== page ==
Mark Grotjahn is best known for his virtuosic paintings. But more recently, he’s also been showing painted bronze sculptures whose originals are cardboard boxes that he has carved into crude faces, sometimes adding a long paper tube (or two) for a nose. The eleven works here, less volumetric and more exuberantly painted than in the past, split the difference between two and three dimensions.
While Grotjahn’s paintings owe much to early modernist abstraction, the vibrant surfaces of these mostly finger-painted pieces conjured such mid-20th-century painters as Philip Guston and Joan Mitchell. At the same time, their masklike features evoked African tribal art as filtered through Picasso and Max Ernst.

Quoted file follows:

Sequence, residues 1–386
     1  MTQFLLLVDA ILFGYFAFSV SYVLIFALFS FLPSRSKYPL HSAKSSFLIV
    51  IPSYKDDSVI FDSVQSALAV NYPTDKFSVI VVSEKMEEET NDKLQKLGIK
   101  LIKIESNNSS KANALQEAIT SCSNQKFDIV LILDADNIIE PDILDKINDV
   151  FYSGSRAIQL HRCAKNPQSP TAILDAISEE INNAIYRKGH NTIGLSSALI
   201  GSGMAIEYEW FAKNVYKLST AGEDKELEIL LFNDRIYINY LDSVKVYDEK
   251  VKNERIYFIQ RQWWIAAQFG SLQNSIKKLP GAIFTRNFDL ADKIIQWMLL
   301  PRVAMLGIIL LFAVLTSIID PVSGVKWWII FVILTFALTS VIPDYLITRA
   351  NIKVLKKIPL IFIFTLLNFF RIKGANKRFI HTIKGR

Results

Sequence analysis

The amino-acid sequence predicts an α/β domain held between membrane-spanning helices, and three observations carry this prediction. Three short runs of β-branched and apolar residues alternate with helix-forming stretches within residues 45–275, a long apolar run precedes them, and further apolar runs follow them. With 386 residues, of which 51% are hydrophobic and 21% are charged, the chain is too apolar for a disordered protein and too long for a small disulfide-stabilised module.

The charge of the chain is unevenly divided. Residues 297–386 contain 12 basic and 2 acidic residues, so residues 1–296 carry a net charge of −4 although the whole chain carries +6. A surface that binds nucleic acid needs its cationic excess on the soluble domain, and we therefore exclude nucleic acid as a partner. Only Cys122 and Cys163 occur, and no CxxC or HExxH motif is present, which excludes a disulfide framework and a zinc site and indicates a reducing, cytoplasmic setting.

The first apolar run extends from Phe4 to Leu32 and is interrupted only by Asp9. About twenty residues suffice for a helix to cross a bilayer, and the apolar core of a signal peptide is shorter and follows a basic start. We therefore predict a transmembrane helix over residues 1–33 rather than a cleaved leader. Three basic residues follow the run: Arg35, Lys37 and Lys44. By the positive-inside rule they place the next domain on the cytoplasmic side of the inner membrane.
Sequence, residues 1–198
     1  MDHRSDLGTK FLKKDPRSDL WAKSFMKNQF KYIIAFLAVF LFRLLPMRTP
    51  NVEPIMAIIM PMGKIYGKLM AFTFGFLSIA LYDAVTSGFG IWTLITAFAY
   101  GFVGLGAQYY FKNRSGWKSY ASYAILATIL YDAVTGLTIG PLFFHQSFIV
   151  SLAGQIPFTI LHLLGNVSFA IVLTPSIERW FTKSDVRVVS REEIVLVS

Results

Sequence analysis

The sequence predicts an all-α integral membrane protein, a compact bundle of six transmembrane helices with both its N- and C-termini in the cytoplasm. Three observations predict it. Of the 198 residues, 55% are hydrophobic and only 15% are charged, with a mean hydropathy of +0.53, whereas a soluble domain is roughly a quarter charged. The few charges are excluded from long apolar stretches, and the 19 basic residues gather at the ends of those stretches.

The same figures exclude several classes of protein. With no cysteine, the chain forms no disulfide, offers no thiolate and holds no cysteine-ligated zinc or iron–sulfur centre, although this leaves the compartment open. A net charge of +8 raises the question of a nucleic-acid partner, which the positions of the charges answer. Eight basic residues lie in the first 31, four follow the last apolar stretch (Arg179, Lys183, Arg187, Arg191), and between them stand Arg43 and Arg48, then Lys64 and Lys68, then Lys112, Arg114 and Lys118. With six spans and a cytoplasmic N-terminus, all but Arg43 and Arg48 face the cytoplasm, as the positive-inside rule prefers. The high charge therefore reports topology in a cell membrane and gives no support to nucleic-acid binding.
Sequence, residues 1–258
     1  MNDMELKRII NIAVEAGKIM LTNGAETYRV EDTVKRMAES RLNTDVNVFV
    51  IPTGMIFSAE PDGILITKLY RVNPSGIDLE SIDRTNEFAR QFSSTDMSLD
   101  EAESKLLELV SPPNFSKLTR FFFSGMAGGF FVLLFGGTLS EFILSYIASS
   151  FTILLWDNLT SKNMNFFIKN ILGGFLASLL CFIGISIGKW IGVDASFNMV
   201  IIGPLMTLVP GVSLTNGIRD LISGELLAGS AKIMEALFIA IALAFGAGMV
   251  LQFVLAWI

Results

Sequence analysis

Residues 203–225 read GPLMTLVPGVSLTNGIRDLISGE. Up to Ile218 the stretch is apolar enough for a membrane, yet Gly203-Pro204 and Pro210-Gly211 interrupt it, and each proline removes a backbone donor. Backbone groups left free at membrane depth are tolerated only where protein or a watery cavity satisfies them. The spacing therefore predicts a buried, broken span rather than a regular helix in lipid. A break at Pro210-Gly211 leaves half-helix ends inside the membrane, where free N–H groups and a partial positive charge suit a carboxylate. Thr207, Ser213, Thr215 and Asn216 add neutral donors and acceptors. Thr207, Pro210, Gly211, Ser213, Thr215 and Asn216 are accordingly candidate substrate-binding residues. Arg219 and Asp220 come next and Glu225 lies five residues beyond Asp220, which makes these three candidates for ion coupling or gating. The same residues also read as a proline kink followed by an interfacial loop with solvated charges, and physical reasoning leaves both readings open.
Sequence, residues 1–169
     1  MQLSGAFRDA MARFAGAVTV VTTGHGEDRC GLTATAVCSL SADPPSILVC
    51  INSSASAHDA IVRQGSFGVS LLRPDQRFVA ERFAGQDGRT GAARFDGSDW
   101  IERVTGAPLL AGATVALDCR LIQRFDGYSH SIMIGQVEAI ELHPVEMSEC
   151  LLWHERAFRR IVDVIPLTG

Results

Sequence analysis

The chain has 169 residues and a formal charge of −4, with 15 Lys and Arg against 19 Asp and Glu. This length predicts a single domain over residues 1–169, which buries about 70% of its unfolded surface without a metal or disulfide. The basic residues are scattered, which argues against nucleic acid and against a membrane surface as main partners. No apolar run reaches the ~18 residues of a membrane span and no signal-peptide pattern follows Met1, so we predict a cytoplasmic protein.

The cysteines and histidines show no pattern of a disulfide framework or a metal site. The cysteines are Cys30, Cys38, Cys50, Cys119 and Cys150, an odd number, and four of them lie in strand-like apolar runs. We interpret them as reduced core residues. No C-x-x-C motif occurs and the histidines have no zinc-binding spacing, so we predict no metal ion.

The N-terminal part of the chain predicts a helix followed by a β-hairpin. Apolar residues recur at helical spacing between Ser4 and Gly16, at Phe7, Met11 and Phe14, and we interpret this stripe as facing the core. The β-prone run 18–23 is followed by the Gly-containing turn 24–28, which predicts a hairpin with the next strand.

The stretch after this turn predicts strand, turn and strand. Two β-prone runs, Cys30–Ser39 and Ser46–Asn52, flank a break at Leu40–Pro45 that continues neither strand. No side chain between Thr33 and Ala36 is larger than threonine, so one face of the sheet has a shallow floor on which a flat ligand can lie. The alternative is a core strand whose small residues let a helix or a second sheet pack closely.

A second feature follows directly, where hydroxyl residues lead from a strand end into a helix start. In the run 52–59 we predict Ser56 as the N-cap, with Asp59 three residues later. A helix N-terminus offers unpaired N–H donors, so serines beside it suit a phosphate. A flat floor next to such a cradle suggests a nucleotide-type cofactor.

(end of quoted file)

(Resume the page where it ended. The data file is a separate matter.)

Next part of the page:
The resulting pieces, set in conversational groupings, were electrifying, notably Untitled (Race Track Scribble, Jackson Mask M41.d), 2015, a silvery work whose eyes, nose, and mouth are connected with a wandering line of white; Untitled (The Skies Remembered II, French Mask M31.e), 2014, a pink confection with off-kilter eyes and a gaping mouth that should be too pretty but isn’t; and Untitled (Crisscrossed and Lettered, Jackson Mask M41.c), 2015, which sets Grotjahn’s name and the date of the work loose among ribbons of color. Grotjahn’s foray into sculpture has paid off in these works of enormous vitality and offhand beauty.
A version of this story originally appeared in the November 2015 issue of ARTnews on page 92.